Work Description

Title: Perturbative Sit-to-Stand Experiment Dataset and Stability Basin Code Open Access Deposited

Attribute Value
  • Kinematic motion capture data was collected from 11 subjects participating in a perturbative Sit-to-Stand experiment. Motor-driven cables were attached to the subjects' waists, pulling them forwards or backwards as they stood from a chair. MATLAB was used to process the data into individual trials, which are presented here.
  • This work was collected to evaluate Stability Basins for characterizing the limits of human stability during Sit-to-Stand.

  • MATLAB code was used to process the data into individual trials. Trials are labeled by Sit-to-Stand type (Natural, Momentum-Transfer, or Quasi-Static) and experimental condition. MATLAB code for analyzing the data and computing Stability Basins is provided. A GUI is provided to animate a subject's movement and display projections of the Stability Basins in the horizontal and vertical planes.
Contact information
Funding agency
  • National Science Foundation (NSF)
Citations to related material
Resource type
Last modified
  • 12/16/2019
  • 12/16/2019
To Cite this Work:
Holmes, P. Perturbative Sit-to-Stand Experiment Dataset and Stability Basin Code [Data set], (2019). University of Michigan - Deep Blue.


Files (Count: 2; Size: 728 MB)


Stability Basins for characterizing stability of sit-to-stand control strategies


keywords: Sit-to-Stand, Biomechanics, Stability


This repository contains MATLAB code for generating and validating Stability Basins (SB) for sit-to-stand (STS).

SBs are a model-based method for determining the set of perturbations that would cause an individual to step, sit, or fall during STS under a given motor control strategy. The SB corresponds to the set of body configurations that do not lead to failure during STS, and characterizes stability throughout the duration of the motion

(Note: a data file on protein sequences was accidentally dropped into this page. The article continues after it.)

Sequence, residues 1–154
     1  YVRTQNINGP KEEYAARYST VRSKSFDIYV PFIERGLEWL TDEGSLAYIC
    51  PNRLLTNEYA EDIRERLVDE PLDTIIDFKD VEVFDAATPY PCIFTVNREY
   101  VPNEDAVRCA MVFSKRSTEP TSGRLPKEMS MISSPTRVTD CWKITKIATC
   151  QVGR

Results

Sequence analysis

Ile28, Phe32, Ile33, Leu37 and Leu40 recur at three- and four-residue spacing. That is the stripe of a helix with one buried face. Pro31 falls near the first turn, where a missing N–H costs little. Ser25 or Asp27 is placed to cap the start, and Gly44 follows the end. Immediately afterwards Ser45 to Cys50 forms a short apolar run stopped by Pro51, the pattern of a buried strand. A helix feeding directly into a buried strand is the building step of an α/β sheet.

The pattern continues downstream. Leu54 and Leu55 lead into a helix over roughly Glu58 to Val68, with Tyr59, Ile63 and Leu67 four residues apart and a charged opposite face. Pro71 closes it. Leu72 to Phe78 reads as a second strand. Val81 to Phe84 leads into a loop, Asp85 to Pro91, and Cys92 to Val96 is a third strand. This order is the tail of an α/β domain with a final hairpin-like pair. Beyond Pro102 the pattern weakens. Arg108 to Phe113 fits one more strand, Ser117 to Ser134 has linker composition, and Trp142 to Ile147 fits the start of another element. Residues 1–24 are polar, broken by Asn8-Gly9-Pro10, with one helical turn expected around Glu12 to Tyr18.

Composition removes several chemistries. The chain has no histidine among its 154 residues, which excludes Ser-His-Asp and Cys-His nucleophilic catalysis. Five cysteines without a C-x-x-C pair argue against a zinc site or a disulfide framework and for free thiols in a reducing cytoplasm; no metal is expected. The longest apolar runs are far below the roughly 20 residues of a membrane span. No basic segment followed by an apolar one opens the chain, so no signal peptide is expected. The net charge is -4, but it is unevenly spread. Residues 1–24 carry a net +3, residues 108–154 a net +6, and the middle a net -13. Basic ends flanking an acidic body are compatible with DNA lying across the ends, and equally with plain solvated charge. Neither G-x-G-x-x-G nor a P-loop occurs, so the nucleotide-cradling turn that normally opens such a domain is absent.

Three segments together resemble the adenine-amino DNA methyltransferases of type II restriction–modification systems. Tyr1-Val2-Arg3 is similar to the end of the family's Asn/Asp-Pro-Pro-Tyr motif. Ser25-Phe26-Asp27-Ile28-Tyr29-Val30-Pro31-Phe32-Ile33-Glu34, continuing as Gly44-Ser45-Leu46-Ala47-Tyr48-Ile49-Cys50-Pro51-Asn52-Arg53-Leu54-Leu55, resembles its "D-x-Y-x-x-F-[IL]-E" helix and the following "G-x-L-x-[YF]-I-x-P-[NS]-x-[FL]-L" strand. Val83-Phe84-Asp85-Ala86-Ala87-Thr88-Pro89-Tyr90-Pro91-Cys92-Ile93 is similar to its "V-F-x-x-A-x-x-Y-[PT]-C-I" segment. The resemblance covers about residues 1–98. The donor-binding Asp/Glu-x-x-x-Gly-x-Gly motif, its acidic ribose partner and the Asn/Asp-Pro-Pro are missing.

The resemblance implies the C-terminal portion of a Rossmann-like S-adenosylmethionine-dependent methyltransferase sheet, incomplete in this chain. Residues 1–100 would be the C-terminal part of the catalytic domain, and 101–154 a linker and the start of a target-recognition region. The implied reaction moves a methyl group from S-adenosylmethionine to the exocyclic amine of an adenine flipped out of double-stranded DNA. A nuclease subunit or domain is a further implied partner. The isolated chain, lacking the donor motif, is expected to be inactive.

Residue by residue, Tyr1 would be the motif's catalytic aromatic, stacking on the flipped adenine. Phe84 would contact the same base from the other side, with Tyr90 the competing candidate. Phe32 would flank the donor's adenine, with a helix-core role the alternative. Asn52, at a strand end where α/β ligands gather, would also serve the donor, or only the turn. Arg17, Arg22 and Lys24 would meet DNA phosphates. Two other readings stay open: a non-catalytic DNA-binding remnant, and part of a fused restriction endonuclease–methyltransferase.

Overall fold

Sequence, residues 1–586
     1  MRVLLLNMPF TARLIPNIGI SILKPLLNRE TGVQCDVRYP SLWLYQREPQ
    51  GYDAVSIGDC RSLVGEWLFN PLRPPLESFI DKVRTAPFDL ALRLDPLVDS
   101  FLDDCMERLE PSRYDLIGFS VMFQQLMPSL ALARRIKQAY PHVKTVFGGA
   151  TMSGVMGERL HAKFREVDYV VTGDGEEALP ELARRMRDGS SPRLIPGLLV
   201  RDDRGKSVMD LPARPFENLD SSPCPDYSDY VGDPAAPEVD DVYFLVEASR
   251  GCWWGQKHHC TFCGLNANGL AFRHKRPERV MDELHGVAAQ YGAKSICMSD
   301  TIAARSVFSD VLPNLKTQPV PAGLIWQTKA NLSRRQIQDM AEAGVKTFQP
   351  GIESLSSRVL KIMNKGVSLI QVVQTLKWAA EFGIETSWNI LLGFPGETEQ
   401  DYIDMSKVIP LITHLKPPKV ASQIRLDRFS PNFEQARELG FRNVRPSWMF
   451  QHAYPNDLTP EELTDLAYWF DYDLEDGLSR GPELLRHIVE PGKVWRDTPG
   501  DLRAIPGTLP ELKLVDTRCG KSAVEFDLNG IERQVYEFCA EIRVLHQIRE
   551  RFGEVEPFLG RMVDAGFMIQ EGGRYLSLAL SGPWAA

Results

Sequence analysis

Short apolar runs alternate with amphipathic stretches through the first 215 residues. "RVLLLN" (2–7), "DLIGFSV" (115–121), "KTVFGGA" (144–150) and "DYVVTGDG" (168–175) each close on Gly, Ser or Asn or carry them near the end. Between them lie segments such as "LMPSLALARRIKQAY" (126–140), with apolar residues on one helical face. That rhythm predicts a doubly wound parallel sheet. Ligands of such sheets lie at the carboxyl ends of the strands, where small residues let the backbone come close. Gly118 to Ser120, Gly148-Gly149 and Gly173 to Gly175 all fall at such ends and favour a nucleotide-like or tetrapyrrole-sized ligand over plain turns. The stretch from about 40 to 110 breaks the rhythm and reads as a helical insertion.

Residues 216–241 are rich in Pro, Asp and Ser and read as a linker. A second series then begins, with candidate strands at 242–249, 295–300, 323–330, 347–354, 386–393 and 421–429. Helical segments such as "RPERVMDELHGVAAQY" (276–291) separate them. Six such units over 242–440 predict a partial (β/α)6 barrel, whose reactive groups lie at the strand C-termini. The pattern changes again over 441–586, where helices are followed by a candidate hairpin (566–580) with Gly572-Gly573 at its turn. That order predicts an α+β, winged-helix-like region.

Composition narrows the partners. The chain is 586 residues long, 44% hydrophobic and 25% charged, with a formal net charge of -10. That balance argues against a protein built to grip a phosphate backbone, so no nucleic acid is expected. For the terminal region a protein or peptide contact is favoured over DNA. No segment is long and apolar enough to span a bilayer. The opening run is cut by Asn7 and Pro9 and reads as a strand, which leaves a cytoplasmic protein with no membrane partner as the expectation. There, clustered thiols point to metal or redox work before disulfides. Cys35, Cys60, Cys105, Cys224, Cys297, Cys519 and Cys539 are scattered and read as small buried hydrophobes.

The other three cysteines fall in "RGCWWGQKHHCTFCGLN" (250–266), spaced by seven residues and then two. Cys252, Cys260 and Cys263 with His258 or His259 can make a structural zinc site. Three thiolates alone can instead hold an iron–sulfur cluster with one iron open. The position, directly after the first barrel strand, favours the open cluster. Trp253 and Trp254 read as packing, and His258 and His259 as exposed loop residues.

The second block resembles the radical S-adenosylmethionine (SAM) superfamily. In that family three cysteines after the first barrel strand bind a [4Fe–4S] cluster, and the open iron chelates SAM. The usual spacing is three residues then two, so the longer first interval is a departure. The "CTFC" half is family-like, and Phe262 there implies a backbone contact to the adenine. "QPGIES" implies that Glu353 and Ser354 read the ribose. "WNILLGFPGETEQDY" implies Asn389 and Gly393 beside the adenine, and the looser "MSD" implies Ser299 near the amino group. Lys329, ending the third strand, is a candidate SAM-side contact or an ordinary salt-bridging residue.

We conducted a perturbative STS experiment (dataset included in repo) where subjects were pulled by motor-driven cables during STS.
We had subjects perform STS using three different strategies: Natural, Momentum-Transfer, and Quasi-Static.
Subjects sometimes stepped or sat in response to perturbation, as demonstrated in the figure below:

Individualized biomechanical models of STS are constructed for each subject, and kinematic data is translated into trajectories of these models.
Subject and strategy specific input bounds are formed from data.
Then, we use a reachability toolbox called CORA to compute the SB for a given subject and STS strategy.
The SB is the backwards reachable set of a standing set, under the model's dynamics and input bounds:

Finally, we evaluate the accuracy of SBs by using them to predict whether or not an STS trial will succeed or fail (e.g., the subject will take a step or sit).
These predictions are compared to experimentally observed results.


MATLAB Version

  • R2019b ### Clone
  • Clone this repo to your local machine using
  • Note that the version hosted on Deep Blue Data is commit# a28d7b3 ### Downloads
  • To use this code, first download CORA 2018:
  • More information about CORA and how to use it may be found here:

  • We also recommend using MOSEK ( in place of MATLAB's default linear program solver linprog, though this is not necessary.

    Setting Path

  • Ensure that CORA (and MOSEK, if downloaded) are on the MATLAB path. For example, use the MATLAB command addpath(genpath('.../path/to/CORA_2018'));


  • To simply view presaved results of the SB evaluation in a table, use display_results().

  • A GUI for visualizing the STS trials, the SBs, and their predictions is provided. To run this GUI, use animateSTS.

    Generating Results from Scratch

    If you would like to run the full pipeline and generate the results from scratch on your own machine:
    1) Run setPaths().
    2) Use run_all(). We recommend calling run_all('parallel') to utilize MATLAB's parfor toolbox and expedite the process.
    3) Uncomment line 5 in display_results and line 5 in animateSTS to use your locally generated results instead of the presaved results.
    4) Call display_results or animateSTS to display the accuracy of each of the tested SB methods onscreen.


  • Patrick Holmes (PhD Candidate, Mechanical Engineering, University of Michigan)

  • Shannon Danforth (PhD Candidate, Mechanical Engineering, University of Michigan)

  • Xiao-Yu Fu (PhD Candidate, Mechanical Engineering, University of Michigan)

  • Talia Y. Moore (Assistant Research Scientist, Robotics Institute, University of Michigan)

  • Ram Vasudevan (Assistant Professor, Mechanical Engineering and Robotics Institute, University of Michigan)


  • Code licensed under BSD3

  • STS Data licensed under CC BY 4.0

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